When the original Galaxy Camera was introduced, Samsung brought forth hopes of a world where smart cameras would help people capture memories with more capable sensors than smartphones, edit those photos on the fly with any number of easy-to-use photo editing applications available on Google’s Play Store that doesn’t require a skilled knowledge of Adobe Photoshop, and share those photos so they can be enjoyed by all and not stuck living on your camera’s memory card. And even though the smart camera market hasn’t taken off in a way that Samsung had anticipated, the Galaxy Camera gained a cult-like following of enthusiast photographers on AT&T’s and Verizon’s wireless networks in the U.S. To those who believe that there is more to photography than what’s capable on a Galaxy smartphone or an iPhone, Samsung has listened to its users and introduced a Galaxy Camera 2 with some notable improvements, both externally and under the hood.
The Galaxy Camera is no small camera, and bearing roughly the same dimensions as the original the Galaxy Camera 2 is just as big. In part, this is to accommodate the optics and the telescoping 21x zoom lens that will let you get up close and personal to your subject from afar, bringing you the power of the paparazzi in the palm of your hand.
Though the Galaxy Camera 2 may not fit comfortably inside the pockets of your pants, it’s still a highly portable camera–given the capabilities that are included–that will travel well inside a jacket pocket or inside a bag.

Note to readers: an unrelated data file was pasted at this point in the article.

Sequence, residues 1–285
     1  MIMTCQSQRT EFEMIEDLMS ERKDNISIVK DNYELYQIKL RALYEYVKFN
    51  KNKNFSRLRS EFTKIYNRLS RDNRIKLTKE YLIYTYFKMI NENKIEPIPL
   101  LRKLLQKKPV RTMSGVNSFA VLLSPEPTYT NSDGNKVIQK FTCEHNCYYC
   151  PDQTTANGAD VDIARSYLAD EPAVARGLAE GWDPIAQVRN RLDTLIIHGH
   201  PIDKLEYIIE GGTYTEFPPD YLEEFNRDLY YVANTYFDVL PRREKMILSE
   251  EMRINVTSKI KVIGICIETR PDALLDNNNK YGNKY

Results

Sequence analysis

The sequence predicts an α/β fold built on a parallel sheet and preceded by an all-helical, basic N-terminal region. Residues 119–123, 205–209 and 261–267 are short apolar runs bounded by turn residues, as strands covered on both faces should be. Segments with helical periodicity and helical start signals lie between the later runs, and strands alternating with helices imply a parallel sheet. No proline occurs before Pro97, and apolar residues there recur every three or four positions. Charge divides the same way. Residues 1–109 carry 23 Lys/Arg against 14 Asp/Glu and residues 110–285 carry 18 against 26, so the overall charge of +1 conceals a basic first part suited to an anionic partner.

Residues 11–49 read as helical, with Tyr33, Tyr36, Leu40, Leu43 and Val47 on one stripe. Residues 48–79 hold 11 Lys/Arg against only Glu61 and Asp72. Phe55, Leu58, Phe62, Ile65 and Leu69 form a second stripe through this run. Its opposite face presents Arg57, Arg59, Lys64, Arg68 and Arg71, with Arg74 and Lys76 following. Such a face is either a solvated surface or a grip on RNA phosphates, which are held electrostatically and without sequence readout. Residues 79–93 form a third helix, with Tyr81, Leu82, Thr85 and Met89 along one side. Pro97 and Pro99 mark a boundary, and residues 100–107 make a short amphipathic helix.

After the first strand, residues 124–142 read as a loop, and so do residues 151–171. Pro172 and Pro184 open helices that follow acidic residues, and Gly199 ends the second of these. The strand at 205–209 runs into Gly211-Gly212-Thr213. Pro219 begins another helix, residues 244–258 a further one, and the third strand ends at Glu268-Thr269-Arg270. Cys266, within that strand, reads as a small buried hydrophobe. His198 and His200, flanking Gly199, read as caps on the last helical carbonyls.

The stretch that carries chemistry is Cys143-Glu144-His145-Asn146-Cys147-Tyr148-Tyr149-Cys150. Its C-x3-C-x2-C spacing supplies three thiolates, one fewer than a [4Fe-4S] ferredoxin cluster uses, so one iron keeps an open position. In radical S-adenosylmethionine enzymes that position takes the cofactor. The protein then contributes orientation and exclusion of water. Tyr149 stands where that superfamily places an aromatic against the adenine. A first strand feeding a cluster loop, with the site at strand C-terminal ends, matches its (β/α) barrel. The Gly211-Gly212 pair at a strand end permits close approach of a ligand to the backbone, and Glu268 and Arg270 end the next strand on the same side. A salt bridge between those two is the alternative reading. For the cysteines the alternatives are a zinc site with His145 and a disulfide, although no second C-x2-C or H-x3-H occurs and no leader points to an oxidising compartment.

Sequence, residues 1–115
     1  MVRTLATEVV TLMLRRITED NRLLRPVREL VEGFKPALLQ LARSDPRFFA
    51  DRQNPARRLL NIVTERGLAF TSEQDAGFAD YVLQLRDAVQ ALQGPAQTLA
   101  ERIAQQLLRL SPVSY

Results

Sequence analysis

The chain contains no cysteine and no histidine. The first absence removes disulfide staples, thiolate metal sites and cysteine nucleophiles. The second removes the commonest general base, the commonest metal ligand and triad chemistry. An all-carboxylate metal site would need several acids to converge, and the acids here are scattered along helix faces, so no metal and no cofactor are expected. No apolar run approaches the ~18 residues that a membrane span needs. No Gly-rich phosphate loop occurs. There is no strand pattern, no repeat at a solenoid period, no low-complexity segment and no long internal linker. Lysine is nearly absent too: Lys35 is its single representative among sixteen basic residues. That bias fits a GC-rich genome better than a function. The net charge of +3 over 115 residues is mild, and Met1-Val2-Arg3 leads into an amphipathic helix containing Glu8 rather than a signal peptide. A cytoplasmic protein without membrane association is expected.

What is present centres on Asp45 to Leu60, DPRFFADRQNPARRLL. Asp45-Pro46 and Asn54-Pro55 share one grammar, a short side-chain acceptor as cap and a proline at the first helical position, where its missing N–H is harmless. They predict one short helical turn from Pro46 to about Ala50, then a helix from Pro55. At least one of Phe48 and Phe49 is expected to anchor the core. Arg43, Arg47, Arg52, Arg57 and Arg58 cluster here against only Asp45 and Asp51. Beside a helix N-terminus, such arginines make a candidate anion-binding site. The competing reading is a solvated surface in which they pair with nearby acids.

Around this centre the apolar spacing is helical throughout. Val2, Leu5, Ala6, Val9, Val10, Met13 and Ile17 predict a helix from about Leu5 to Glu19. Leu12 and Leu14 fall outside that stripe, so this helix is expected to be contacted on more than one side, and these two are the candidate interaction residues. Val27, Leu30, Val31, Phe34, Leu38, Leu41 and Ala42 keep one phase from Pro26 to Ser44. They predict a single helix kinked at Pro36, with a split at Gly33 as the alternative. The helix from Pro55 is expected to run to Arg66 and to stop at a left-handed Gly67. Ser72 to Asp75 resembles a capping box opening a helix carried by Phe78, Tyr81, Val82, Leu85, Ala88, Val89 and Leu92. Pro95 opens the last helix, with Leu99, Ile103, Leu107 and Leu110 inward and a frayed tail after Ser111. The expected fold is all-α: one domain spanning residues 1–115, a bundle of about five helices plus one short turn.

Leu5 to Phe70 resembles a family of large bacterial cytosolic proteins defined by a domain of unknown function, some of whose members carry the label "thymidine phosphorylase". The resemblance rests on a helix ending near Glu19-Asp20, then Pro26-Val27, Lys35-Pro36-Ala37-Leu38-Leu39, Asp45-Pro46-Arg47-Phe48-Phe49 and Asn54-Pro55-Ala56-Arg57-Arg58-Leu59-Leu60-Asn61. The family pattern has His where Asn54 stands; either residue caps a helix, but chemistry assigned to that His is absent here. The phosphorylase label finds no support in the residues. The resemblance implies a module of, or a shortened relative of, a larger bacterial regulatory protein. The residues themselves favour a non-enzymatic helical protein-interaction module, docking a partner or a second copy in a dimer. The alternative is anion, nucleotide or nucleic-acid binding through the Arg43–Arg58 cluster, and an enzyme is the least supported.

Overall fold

This year, Samsung had abandoned a simple point-and-shoot styling of the first generation model, opting instead to go the retro route that’s inspired from the company’s high-end mirrorless NX series lineup, in particular the NX300. Decked with a chrome styled top and bottom plates and generously cloaked in faux leather, the updated looks is equally stylish as it is functional as the leatherette trim aids in gripping the camera so it doesn’t feel like it’s about to fall out of your hands.
Unfortunately, though, while the chrome accents are nice, they’re mostly constructed from plastic. In the hands, the Galaxy Camera 2 feels a bit more hollow than the first generation model, and this is apparent when holding both devices as the Galaxy Camera 2 had shed about 0.5-ounce of weight, clocking in at 9.98 ounces.
On the back, you still have a similar 4.8-inch 720p HD resolution Super Clear LCD screen. This time around, Samsung had included a very small and narrow thumb grip just to the right of the display and near where the shutter button at the top. This addition is very much welcomed, though we would still have liked to see a slightly larger thumb grip even as it does aid in handling the camera, particularly trying to capture photos in one hand.
Around the device, you’ll find a pop-up flash at the top, similar to the first model. What’s new is that the flash module can be tilted. You can use your finger to angle the flash, for example, to shoot upwards towards the ceiling so that the light would bounce back down onto your subject. For portraits, this is preferable since it will give your photos a more soft light, rather than harsh lighting. The full Xenon flash is bright and powerful, and the flash was able to capture colors accurately.
On the bottom, you’ll have a standard tripod mount and a pop-out door that houses the memory card as well as the battery.
A lanyard loop, a door for the micro USB charge and sync port, and a standard headphone jack are situated on the right side.
And on the left, the device is kept clean with just a speaker as well as the logo for NFC, which is a new addition for the Galaxy Camera 2.